Understanding hepatitis C intervention success-Qualitative findings from the HepCATT study.


Harris, M; Bonnington, O; Harrison, G; Hickman, M; Irving, W; HepCATT team, ; , COLLABORATORS; Roberts, K; Waldron, CA; Bevan, J; Simpson, C; Homan, C; Reeve, D; Hathaway, C; Purcell, S; Oelbaum, S; Whitfield, J; Jennings, S; Dreha, R; Byrne, T; Thomas, D; Fraser, E; Toyne, K; Newton, P; Hensley, F; Hewish, S; Rutkowski, R; Christian, A; Smith, S; Ward, E; Rhodes, T; Lattimore, S; Mandal, S; Simmons, R; Sreedharan, A; Murray, K; Richardson, P; Caldwell, H; Gore, R; Hughes, A; Walters, C; Orton, A; Lee, P; Ryder, S; Thomson, B; Montgomery, A; Foster, G; (2018) Understanding hepatitis C intervention success-Qualitative findings from the HepCATT study. Journal of viral hepatitis. ISSN 1352-0504 DOI: https://doi.org/10.1111/jvh.12869

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Abstract

The United Kingdom has committed to eliminating viral hepatitis as a public health threat. Innovative interventions for marginalized populations are required to realize this goal. In 2016, the HepCATT study team implemented a complex hepatitis C (HCV) intervention in three English drug treatment services, with five controls. We report qualitative study findings from two intervention sites to explore intervention success and transferability potential. The intervention comprised multiple components, including a nurse facilitator, peer support and education initiatives. Qualitative data were generated at baseline (2014) and post-intervention (2016) at two sites through in-depth interviews, focus groups and observations. The 96 participants comprised drug service and intervention providers and clients with an injecting history. Data were triangulated and thematically analysed. Client engagement with a HCV treatment service rose from 16 at baseline to 147 in 2016. There was no comparable increase at the five control sites. Baseline testing and treatment barriers included the following: limited HCV knowledge; fear of diagnosis and treatment; precarious living circumstances and service-specific obstacles. Treatment engagement was aided by intervention timeliness; improved communication structures; personalized care; streamlined testing and treatment pathways; peer support. Multiple interrelated components influenced the increased levels of treatment engagement documented in HepCATT. The nurse facilitator, involved in implementation and innovation, was key to intervention success. Baseline barriers correspond with international literature-indicating transferability potential. Control data indicate that biomedical innovation alone is not sufficient to increase engagement among the most marginalized. Sustainable resourcing of community services is crucial to effect change.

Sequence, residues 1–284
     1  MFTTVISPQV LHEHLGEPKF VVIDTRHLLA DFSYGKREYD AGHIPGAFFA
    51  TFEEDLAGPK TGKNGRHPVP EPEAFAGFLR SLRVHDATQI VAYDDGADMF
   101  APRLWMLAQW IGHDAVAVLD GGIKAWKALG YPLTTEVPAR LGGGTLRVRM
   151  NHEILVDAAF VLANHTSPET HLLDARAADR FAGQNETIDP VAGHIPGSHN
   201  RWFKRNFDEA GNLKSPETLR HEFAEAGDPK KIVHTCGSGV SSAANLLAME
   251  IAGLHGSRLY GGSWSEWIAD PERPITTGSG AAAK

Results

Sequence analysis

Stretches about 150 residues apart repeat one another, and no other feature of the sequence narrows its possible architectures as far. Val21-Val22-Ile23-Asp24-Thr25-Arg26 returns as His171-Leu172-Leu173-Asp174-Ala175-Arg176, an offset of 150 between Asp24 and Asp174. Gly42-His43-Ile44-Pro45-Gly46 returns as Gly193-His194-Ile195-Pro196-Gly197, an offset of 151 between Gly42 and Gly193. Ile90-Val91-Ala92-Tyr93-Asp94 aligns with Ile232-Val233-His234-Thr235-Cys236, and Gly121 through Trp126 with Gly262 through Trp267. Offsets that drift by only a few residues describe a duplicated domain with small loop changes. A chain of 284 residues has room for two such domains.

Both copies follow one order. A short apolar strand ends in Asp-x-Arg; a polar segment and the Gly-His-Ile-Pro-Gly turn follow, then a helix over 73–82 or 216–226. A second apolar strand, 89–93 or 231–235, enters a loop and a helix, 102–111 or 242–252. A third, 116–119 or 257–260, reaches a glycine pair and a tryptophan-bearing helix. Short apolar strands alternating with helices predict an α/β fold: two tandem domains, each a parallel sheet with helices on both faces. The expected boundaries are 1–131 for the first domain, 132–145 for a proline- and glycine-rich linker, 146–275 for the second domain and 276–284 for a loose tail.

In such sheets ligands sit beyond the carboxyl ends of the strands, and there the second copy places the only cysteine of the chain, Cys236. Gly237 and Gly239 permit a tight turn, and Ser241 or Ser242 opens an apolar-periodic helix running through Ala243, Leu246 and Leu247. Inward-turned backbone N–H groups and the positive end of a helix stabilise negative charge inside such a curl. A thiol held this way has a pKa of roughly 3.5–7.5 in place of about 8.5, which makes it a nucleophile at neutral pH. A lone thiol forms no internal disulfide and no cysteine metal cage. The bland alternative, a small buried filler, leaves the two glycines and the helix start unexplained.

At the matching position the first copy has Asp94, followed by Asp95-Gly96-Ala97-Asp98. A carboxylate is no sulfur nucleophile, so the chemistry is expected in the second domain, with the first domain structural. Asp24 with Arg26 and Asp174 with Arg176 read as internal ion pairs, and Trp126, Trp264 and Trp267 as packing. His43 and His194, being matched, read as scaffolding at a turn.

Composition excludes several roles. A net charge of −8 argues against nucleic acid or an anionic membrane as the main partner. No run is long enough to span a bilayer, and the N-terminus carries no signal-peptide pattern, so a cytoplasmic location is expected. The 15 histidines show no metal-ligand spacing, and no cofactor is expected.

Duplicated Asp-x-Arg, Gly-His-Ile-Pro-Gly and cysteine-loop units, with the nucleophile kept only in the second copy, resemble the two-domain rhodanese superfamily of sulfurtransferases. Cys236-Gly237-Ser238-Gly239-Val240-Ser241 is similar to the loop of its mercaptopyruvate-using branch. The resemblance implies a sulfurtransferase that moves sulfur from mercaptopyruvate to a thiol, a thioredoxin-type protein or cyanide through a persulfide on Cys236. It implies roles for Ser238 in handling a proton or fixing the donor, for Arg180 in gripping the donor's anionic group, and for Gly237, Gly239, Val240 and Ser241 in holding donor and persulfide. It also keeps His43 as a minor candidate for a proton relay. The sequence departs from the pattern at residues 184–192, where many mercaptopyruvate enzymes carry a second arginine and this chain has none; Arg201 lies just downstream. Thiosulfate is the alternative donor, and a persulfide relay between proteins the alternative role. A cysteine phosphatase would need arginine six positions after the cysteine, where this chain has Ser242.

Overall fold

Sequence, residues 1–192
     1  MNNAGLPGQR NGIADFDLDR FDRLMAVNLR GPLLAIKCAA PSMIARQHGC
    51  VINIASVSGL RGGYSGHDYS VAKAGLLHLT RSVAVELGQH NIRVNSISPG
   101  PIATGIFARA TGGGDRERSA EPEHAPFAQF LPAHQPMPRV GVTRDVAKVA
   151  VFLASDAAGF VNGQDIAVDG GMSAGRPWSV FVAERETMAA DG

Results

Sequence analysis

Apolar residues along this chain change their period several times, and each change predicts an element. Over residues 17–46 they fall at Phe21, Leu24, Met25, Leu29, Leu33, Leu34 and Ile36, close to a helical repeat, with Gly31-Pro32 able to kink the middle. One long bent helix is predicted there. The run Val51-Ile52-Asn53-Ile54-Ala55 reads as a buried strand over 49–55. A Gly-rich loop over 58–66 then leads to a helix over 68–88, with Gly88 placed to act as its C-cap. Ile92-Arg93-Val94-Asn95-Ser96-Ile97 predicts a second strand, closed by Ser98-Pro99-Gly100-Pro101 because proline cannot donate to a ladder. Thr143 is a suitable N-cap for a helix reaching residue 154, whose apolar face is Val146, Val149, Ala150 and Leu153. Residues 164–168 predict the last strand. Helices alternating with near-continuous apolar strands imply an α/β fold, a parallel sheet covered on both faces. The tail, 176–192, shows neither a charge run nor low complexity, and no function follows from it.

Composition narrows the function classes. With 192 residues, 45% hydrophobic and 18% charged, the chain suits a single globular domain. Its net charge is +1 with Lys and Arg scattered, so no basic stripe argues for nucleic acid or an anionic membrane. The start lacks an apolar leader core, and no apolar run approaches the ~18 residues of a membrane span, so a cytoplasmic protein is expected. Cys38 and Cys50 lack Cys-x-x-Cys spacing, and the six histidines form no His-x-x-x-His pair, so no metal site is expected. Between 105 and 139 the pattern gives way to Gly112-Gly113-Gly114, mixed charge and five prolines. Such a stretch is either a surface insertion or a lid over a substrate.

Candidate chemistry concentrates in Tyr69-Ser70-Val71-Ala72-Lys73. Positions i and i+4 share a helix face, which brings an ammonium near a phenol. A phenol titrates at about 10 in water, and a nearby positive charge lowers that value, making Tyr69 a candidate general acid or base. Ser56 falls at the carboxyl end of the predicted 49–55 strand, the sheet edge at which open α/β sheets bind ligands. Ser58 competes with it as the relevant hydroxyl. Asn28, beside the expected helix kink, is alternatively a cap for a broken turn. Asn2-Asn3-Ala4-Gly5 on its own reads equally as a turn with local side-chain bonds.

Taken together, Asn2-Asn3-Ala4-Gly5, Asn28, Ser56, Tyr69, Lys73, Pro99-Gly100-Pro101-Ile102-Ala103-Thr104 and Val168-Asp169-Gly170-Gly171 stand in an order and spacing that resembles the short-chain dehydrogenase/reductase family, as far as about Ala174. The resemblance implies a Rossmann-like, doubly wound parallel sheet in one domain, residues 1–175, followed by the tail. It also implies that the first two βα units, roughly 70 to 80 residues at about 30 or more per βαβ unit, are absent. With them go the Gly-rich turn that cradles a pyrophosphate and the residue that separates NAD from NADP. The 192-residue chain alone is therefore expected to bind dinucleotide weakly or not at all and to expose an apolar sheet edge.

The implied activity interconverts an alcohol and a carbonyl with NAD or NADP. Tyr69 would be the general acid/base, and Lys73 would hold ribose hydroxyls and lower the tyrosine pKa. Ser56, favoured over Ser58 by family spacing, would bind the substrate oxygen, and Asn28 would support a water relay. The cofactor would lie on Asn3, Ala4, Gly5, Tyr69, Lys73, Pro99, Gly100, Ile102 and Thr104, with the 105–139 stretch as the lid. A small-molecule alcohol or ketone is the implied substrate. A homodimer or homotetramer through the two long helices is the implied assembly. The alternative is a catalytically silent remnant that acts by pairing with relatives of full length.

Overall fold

Item Type: Article
Faculty and Department: Faculty of Public Health and Policy > Dept of Social and Environmental Health Research
PubMed ID: 29369467
URI: http://researchonline.lshtm.ac.uk/id/eprint/4646789

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